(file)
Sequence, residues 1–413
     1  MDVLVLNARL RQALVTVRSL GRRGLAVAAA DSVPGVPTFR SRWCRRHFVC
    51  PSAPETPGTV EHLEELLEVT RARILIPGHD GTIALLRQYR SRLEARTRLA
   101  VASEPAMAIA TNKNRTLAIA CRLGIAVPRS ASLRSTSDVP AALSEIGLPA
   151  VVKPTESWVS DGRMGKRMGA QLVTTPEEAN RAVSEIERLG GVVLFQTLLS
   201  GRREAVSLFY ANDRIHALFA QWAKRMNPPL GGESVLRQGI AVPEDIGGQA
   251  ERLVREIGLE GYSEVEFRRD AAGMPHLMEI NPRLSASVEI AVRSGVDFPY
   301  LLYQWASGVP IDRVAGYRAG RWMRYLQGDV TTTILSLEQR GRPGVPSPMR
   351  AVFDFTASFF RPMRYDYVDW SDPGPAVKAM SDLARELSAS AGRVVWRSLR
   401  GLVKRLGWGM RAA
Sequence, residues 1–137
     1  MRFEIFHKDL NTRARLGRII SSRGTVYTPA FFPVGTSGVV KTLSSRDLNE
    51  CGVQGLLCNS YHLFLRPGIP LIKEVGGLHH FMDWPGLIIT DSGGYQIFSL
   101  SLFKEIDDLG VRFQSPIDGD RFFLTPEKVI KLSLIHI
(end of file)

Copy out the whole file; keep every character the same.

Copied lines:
Sequence, residues 1–413
     1  MDVLVLNARL RQALVTVRSL GRRGLAVAAA DSVPGVPTFR SRWCRRHFVC
    51  PSAPETPGTV EHLEELLEVT RARILIPGHD GTIALLRQYR SRLEARTRLA
   101  VASEPAMAIA TNKNRTLAIA CRLGIAVPRS ASLRSTSDVP AALSEIGLPA
   151  VVKPTESWVS DGRMGKRMGA QLVTTPEEAN RAVSEIERLG GVVLFQTLLS
   201  GRREAVSLFY ANDRIHALFA QWAKRMNPPL GGESVLRQGI AVPEDIGGQA
   251  ERLVREIGLE GYSEVEFRRD AAGMPHLMEI NPRLSASVEI AVRSGVDFPY
   301  LLYQWASGVP IDRVAGYRAG RWMRYLQGDV TTTILSLEQR GRPGVPSPMR
   351  AVFDFTASFF RPMRYDYVDW SDPGPAVKAM SDLARELSAS AGRVVWRSLR
   401  GLVKRLGWGM RAA
Sequence, residues 1–137
     1  MRFEIFHKDL NTRARLGRII SSRGTVYTPA FFPVGTSGVV KTLSSRDLNE
    51  CGVQGLLCNS YHLFLRPGIP LIKEVGGLHH FMDWPGLIIT DSGGYQIFSL
   101  SLFKEIDDLG VRFQSPIDGD RFFLTPEKVI KLSLIHI